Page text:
Mom and Pop Alliance to give voice to South Carolina small businesses

A small business owner upstate formed a group to advocate for other small businesses at the state level. Diane Hardy, owner of Nothing Bundt Cakes in Greenville, made the official announcement last week in Greenville. Hardy said she understands the challenges facing small business owners in the state. It was this personal understanding, coupled with her business experience during COVID-19 that drove her to launch her new mission. “After COVID, I checked with our local officials and our elected state officials (and) I said, who is speaking to us in Colombia? They said, you really don’t have too much of a voice here. So I thought, wow, someone’s got to do something to change that, ”Hardy said. Soon after, she launched the Mom and Pop Alliance of South Carolina. The organization has three key goals in mind: advocating for small businesses, improving communication between businesses and elected officials, and educating small business owners about current legislation. “There were almost 2,000 invoices in session, so it would be impossible for a small business owner to really keep tabs on what’s going on while they’re trying to run their business,” said Hardy. “So we’re trying to sort that out and give them sort of a CliffsNotes version of bills that might interest and defend them.” Hardy and others are volunteering their time to help keep membership fees low, she said. Already, his group has garnered support from the state, state treasury Curtis Loftis, and state senator Josh Kimbrell of Spartanburg. “I have been so impressed with the work Mom and Pop Alliance has done to build a network of small business owners across our state. In light of current events, small businesses need a voice more than ever before. Kimbrell said in a statement. “And I’m glad the Mom and Pop Alliance of SC is giving them that voice.” Hardy said she hopes to lend her voice to the state’s nearly 400,000 small businesses. To learn more about the Mom and Pop Alliance of SC, click here.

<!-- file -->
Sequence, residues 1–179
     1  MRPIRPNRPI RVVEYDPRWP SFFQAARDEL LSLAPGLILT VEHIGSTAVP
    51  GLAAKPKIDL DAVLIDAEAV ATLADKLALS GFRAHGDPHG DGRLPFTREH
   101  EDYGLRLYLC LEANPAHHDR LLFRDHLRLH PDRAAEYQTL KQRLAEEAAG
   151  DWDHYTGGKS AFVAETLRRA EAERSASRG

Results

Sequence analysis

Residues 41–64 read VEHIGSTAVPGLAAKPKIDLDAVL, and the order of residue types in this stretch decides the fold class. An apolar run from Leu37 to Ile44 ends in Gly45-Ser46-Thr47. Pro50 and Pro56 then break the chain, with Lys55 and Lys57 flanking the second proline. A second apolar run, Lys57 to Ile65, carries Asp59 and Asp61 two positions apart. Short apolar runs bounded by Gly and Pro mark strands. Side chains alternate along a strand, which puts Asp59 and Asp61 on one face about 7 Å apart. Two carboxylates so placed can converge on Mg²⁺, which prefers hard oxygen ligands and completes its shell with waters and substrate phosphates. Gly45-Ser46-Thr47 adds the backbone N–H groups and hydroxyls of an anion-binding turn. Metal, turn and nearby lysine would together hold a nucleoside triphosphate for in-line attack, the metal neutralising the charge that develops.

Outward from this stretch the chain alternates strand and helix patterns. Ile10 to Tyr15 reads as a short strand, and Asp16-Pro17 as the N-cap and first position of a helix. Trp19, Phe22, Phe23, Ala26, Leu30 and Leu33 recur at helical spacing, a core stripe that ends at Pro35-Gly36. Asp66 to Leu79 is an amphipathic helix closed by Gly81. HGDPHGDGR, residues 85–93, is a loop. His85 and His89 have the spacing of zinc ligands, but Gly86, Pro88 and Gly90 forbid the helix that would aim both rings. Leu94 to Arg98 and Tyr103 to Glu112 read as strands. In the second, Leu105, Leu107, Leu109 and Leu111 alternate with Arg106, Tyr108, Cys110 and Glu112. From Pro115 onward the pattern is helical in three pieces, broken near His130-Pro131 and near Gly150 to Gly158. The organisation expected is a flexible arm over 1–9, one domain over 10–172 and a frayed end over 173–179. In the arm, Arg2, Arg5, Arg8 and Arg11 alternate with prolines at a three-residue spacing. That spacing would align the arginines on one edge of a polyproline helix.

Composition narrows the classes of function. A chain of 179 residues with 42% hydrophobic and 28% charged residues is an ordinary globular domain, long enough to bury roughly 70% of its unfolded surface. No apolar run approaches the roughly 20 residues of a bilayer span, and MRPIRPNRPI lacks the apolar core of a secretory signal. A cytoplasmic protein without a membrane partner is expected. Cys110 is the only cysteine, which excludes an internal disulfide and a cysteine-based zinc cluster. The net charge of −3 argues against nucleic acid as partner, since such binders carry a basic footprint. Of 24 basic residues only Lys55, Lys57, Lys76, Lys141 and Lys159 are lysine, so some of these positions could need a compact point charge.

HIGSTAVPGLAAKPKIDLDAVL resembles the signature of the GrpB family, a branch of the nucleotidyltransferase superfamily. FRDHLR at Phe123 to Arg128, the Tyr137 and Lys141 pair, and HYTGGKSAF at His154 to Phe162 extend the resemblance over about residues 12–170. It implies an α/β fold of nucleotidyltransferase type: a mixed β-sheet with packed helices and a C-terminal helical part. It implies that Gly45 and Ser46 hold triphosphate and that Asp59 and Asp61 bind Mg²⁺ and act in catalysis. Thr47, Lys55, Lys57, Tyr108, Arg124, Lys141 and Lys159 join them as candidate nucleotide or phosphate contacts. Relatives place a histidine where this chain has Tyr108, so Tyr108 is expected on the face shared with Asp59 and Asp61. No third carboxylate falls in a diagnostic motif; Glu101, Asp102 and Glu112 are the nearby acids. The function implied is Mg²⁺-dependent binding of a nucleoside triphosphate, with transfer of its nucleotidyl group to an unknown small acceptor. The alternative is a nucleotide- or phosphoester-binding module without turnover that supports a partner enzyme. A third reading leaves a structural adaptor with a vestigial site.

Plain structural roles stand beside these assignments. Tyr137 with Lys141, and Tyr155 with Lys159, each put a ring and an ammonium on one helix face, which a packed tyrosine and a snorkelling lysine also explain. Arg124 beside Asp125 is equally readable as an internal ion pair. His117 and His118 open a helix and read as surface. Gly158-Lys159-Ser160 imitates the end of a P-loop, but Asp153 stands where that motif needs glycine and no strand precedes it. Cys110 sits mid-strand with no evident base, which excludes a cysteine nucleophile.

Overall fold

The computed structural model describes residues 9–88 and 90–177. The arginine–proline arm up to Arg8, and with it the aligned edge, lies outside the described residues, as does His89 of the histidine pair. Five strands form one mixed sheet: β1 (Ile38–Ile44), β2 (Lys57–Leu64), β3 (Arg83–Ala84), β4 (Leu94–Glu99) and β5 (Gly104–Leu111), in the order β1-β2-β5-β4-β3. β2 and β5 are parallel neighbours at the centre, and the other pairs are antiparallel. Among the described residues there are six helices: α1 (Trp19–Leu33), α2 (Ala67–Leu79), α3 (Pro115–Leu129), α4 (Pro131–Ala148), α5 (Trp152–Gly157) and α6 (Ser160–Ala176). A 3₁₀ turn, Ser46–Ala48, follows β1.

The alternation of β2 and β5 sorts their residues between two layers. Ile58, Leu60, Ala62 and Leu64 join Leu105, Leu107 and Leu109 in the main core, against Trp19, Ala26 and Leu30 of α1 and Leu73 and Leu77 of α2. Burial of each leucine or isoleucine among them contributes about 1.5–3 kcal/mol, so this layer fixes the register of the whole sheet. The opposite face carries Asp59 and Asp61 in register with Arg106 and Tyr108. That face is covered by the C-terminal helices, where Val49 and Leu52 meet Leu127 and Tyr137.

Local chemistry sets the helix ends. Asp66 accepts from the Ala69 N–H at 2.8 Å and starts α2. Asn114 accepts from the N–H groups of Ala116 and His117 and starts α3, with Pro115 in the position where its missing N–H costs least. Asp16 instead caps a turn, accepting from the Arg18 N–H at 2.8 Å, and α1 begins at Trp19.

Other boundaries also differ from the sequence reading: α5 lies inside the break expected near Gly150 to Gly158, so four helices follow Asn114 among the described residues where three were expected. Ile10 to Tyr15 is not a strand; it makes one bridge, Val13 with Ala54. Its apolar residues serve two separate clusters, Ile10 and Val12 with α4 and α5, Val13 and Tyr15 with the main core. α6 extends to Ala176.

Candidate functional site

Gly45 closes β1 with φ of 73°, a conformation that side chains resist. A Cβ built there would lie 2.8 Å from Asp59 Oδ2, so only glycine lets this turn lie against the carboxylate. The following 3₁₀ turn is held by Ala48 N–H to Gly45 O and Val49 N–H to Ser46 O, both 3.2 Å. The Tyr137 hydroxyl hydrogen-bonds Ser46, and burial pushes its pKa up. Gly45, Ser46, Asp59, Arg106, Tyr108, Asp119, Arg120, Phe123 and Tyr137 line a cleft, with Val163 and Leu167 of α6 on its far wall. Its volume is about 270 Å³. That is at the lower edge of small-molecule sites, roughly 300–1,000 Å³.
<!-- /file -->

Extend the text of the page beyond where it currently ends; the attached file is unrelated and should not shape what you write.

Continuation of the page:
A small business owner upstate formed a group to advocate for other small businesses at the state level.

Diane Hardy, owner of Nothing Bundt Cakes in Greenville, made the official announcement last week in Greenville.

Hardy said she understands the challenges facing small business owners in the state. It was this personal understanding, coupled with her business experience during COVID-19 that drove her to launch her new mission.

“After COVID, I checked with our local officials and our elected officials (and) I said, who is speaking to us in Colombia? They said, you really don’t have too much of a voice here. So I thought, wow, someone’s got to do something to change that, ”Hardy said.

Soon after, she launched the Mom and Pop Alliance of South Carolina.

The organization has three key goals in mind:

Advocate for small businesses, improve communication between businesses and elected officials, and educate small business owners on current legislation.

“There were almost 2,000 invoices in session, so it would be impossible for a small business owner to really keep tabs on what’s going on while they’re trying to run their business,” said Hardy. “So we’re trying to sort it out and give them some sort of CliffsNotes version of bills that might interest and defend them.”

Hardy and others are volunteering their time to help keep membership fees low, she said.

Already, his group has garnered support from the state, state treasury Curtis Loftis, and state senator Josh Kimbrell of Spartanburg.

“I have been so impressed with the work Mom and Pop Alliance has done to build a network of small business owners across our state. In light of current events, small businesses need a voice more than ever before. Kimbrell said in a statement. “And I’m glad the Mom and Pop Alliance of SC is giving them that voice.”

Hardy said she hopes to lend her voice to the state’s nearly 400,000 small businesses.

To learn more about the Mom and Pop Alliance of SC, click here.

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